(As published on TheTownDish.com)

This magical herb is known to slay vampires, clear a room if you eat too much, and ward off disease and illness. Garlic, thought to be originated in Central Asia, is mentioned in ancient Egyptian, Greek, Indian and Chinese writings.

Used to add depth to your spaghetti sauce, roasted and spread on some deliciously crunchy bread or sprinkled over just about anything, garlic is a staple in most kitchens - coming only after salt and pepper in popularity in the spice and herb category.

The ancient Indians believed this herb to be an aphrodisiac. It was forbidden by monks because it was thought to arouse passions. The Buddhists wrote about garlic's ability to cure several illnesses and promote long life. And, it was hung on doors to stop the spread of diseases such as smallpox.

Although highly regarded in the medical field, garlic was pretty much avoided in the culinary world until the period of Muslim rule - when garlic, ginger and onion took their place as the prominent trio of flavors found in South Asian cuisine.

So, that's where garlic came from and what our ancestors thought about it... Yes, it sure is a tasty way to add taste to your daily meals, but what do we know about the benefits of garlic to our health?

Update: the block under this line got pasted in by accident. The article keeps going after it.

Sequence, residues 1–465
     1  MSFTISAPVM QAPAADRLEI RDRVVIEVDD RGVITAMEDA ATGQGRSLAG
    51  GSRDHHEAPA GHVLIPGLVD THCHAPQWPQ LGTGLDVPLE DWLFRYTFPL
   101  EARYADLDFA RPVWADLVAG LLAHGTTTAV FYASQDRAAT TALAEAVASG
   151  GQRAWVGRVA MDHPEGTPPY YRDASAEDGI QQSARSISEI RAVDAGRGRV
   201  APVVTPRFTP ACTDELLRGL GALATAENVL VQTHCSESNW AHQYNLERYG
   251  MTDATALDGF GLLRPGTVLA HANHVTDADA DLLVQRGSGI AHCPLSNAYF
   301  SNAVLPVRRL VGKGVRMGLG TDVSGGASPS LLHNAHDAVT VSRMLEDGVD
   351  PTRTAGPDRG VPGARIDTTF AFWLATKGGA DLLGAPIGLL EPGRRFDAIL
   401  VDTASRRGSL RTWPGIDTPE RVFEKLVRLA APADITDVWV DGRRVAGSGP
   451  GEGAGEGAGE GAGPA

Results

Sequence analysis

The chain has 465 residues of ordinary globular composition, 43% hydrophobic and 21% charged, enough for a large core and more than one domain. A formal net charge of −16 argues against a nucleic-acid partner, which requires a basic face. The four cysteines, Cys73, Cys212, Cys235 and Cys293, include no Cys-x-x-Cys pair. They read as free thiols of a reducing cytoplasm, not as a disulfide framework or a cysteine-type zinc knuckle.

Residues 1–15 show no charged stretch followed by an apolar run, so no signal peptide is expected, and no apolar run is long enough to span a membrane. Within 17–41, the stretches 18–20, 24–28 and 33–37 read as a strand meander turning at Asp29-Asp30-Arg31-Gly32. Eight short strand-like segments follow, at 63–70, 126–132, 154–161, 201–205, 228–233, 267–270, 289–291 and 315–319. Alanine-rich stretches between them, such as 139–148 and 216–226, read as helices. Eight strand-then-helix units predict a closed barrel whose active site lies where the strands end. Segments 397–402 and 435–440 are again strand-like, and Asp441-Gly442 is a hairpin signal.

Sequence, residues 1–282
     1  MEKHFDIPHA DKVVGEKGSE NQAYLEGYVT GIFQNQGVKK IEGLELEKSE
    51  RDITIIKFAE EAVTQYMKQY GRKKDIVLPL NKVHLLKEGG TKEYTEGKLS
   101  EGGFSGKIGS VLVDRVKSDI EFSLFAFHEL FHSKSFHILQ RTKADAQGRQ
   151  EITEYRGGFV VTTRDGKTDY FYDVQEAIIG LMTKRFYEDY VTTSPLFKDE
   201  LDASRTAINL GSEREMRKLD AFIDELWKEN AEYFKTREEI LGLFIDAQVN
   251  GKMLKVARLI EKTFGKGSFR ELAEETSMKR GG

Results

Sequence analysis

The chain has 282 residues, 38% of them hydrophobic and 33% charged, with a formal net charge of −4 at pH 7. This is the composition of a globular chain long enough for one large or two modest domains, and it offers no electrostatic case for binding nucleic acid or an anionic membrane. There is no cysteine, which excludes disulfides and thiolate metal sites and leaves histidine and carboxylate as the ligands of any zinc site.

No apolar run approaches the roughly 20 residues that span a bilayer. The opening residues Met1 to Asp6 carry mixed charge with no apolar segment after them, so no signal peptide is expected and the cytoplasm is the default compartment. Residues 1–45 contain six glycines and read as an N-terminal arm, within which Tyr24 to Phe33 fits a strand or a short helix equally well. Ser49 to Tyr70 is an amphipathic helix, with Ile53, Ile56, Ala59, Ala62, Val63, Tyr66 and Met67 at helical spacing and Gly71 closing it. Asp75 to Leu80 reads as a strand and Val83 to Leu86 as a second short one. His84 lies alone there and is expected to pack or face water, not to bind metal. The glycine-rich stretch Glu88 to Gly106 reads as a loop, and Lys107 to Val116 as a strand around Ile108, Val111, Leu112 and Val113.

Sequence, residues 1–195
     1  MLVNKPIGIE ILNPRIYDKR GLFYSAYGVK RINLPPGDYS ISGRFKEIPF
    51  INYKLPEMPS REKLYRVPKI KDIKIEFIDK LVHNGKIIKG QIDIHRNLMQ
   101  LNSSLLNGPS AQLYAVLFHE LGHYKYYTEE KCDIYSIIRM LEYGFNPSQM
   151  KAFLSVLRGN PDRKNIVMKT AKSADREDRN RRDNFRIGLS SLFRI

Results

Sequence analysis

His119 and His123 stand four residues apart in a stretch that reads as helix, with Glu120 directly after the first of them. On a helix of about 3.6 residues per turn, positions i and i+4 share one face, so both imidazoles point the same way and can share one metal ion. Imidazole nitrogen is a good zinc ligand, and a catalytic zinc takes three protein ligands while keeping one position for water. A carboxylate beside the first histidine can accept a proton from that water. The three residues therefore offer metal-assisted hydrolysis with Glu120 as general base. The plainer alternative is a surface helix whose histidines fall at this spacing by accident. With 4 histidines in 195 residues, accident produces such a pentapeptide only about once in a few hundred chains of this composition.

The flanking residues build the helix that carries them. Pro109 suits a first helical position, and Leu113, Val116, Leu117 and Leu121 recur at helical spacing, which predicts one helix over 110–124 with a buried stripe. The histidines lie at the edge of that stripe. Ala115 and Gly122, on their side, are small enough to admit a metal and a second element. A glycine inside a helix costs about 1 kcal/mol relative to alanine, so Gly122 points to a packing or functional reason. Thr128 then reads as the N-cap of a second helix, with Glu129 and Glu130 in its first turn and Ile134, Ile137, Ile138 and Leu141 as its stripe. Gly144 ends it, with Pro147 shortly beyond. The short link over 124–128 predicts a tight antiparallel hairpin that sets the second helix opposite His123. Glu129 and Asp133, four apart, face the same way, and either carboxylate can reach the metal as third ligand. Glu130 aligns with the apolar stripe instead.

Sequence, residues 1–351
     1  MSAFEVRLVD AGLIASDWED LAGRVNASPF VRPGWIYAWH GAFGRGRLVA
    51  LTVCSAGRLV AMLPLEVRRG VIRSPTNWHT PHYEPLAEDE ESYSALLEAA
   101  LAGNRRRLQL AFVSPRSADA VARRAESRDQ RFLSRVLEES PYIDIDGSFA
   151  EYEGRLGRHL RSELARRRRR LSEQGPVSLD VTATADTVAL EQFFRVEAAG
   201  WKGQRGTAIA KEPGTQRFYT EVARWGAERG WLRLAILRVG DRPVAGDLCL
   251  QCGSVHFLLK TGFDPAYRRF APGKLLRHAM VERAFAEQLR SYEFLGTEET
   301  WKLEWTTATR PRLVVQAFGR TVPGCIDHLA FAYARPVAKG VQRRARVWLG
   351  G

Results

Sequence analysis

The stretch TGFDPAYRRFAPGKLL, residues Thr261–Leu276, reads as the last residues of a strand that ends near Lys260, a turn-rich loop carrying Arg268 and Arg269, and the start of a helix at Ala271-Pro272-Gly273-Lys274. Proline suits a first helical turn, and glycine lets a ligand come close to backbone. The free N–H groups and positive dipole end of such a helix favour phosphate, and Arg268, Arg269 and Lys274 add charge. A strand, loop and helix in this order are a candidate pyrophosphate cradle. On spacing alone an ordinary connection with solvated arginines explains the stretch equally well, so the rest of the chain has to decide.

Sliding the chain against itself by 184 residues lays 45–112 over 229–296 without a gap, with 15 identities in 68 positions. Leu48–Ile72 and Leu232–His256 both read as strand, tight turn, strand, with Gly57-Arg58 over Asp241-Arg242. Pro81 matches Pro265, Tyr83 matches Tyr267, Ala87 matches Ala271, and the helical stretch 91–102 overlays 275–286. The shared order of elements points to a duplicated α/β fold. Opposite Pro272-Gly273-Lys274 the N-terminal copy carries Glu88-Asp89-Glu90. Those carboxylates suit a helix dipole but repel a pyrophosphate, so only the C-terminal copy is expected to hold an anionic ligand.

The National Academy of Sciences found that eating garlic can boost our natural supply of hydrogen sulfide (this is the same stuff that smells like rotten eggs in a more concentrated form). This antioxidant transmits cellular signals to the body to relax blood vessels and therefore increase blood flow.

The boost in hydrogen sulfide is also known to help fight cancers such as breast, prostate and colon cancer. It also helps to protect the heart. Although it has not consistently shown to reduce cholesterol levels, researchers at Albert Einstein College of Medicine found that it can help prevent damage to the heart during a heart attack.

So, garlic is good for you! That's great! Now, how much do you have to eat to get the full benefits of this tasty treat? Well, the studies that have found the aforementioned benefits of garlic are based on the consumption of the equivalent of two large cloves of garlic per day. That sounds like a lot in our country, where smelling like a bulb of garlic is not yet socially acceptable. It is, however, pretty normal for those in countries such as Italy, Korea and China where consumption reaches up to 12 cloves a day.

To increase your consumption of garlic, try snacking on some tasty hummus with fresh veggies, add it to sauteed vegetables and meats and, when possible, always use fresh garlic.

Here's a tip - when cooking with garlic, peel the cloves, crush and/or chop the garlic, and let sit at room temperature for about 15 minutes before cooking. This helps to boost its healthy powers.

One last note... While garlic powder and garlic pills are easy ways of incorporating garlic into your meals, it is not yet proven that the powder has the same healing power as fresh garlic

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